# Switch the Odd One Out #2

What two figures (one in range a-i and the other in range 1-9) is the odd ones that should be switched to restore both patterns, and why?

created by myself

I believe the answer is to change the middle middle square of figure a-i and left middle square of figure 1-9. I circled these boxes with a black circle in the picture I attached. I think these boxes should be changed because the middle circles in each figure should correspond. I circled the middle middle shapes in each corresponding box. As you can see, two of the boxes do not correspond(the ones circled in red and pink) one has a x in the middle and the other has nothing.

• You have found the correct figures! I am not sure about your reasoning - why the inner-most figure is more important than everything else?, but since your answer is correct I cannot disagree :) Feb 28, 2018 at 20:18
• @Plarsen I had the same reasoning. This is an inherent trouble with odd-one-out problems--there are many reasons that can be used to decide whether an item doesn't belong (and they don't always agree). Mar 1, 2018 at 0:51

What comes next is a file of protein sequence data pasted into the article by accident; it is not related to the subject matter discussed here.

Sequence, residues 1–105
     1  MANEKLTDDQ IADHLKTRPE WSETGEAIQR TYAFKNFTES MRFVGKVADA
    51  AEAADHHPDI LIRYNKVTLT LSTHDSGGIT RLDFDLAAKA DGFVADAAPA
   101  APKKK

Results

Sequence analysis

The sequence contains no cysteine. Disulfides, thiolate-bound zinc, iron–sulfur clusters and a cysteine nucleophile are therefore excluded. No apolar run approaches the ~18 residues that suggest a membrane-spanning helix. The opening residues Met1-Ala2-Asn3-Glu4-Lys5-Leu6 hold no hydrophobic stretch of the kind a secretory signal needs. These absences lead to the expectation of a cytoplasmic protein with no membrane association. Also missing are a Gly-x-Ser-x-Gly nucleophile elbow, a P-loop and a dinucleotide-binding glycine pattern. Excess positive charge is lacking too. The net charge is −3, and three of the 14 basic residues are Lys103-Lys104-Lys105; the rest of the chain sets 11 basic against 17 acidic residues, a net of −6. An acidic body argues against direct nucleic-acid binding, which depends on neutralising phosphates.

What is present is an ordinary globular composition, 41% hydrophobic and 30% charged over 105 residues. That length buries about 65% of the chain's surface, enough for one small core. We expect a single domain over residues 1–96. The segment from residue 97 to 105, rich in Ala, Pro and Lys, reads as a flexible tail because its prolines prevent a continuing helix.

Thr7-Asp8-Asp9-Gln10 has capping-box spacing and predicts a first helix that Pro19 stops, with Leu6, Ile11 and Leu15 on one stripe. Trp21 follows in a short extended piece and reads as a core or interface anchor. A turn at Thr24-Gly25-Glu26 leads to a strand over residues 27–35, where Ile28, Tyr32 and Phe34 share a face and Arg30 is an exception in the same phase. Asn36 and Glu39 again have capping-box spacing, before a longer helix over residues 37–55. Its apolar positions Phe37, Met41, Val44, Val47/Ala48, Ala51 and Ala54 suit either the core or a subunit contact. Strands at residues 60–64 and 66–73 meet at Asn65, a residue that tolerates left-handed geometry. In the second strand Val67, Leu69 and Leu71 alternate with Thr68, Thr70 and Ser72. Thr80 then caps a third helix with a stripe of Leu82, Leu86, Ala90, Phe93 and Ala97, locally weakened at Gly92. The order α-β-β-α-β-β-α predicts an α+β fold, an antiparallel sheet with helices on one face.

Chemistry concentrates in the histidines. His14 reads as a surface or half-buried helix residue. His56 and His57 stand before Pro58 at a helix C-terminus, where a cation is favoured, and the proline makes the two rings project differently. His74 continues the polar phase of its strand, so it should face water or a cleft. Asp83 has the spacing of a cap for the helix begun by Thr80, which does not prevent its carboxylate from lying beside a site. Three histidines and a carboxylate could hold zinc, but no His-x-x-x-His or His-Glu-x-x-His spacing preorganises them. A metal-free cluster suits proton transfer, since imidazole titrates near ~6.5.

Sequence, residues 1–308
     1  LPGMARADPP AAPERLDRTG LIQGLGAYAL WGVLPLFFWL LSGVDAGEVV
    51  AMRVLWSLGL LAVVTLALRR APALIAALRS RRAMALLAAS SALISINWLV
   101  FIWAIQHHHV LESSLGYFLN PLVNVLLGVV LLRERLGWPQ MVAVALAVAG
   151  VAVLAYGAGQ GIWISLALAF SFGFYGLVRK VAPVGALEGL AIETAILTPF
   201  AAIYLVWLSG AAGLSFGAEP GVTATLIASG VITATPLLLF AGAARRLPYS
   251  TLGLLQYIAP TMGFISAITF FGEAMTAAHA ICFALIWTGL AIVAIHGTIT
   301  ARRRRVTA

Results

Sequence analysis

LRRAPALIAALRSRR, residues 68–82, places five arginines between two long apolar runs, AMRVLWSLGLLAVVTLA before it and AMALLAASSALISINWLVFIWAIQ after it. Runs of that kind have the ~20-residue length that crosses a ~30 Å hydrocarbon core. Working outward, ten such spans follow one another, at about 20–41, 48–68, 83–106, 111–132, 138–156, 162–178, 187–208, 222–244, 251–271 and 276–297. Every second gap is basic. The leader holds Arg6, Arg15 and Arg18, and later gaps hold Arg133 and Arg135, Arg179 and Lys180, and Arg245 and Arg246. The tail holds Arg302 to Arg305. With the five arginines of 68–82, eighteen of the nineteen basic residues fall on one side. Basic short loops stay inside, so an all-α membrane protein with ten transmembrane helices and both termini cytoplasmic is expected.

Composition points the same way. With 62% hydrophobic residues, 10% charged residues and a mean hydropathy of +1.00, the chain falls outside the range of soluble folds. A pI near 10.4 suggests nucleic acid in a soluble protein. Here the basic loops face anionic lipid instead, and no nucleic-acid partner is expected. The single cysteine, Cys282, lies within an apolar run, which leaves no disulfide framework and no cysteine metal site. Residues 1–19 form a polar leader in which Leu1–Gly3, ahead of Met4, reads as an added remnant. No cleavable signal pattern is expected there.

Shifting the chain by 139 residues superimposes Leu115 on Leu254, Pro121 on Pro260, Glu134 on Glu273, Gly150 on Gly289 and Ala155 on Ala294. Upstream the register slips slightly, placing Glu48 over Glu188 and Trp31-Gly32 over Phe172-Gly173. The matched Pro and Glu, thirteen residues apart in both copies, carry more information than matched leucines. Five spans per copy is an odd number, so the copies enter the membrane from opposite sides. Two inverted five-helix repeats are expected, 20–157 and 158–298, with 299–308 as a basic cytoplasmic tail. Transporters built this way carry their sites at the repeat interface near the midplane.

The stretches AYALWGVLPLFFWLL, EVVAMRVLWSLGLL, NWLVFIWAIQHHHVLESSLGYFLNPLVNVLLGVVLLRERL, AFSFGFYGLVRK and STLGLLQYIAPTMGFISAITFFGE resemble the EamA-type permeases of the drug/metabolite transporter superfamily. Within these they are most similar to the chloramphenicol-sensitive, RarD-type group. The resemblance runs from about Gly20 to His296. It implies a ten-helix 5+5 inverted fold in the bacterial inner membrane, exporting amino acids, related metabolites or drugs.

• @Vitruvius True, which is the main reason why most, including this, Odd-one-out cases don't rely on the debate about what property beats another, but instead rely on the amount of properties: A size and color pattern beats a form pattern; a form, movement and color pattern beats a size and position pattern. The level of difficulty is basically how close the "next best" pattern is to the "best" pattern. It could be 5 size, 4 form and 3 rotation patterns against 5 size, 6 form and 2 rotation patterns, where the former "loses". It hardly ever exists only 1 possible pattern. Mar 1, 2018 at 16:16
• @Vitruvius The extension to the above can be a case of: color+simple movement pattern vs. color+complex rotation pattern where it will be more difficult to decide what beats the other, and the worst case scenario would be something like: color+simple movement vs. color+complex movement+complex rotation pattern. I guess no one can judge if 1 simple pattern beats two complex patterns, so such a case is in my opinion a bad design,.. or perhaps both alternatives should be considered a valid solution? Mar 1, 2018 at 16:49

If you

look at the difference between the corresponding squares (assuming you do the swap given in the other answer by QuantumTwinkie,

you get

which in my opinion is a fairly nicely-behaving pattern.

• Seems to be a correct observation, but a minor detail is missing: A diagonal line inside the circle on figure g/7. Feb 28, 2018 at 21:04
• I made the assumption that the X is actually an X on top of a \ :-) Feb 28, 2018 at 21:06
• Ah! I guess it depends on how you are viewing it :) Feb 28, 2018 at 21:08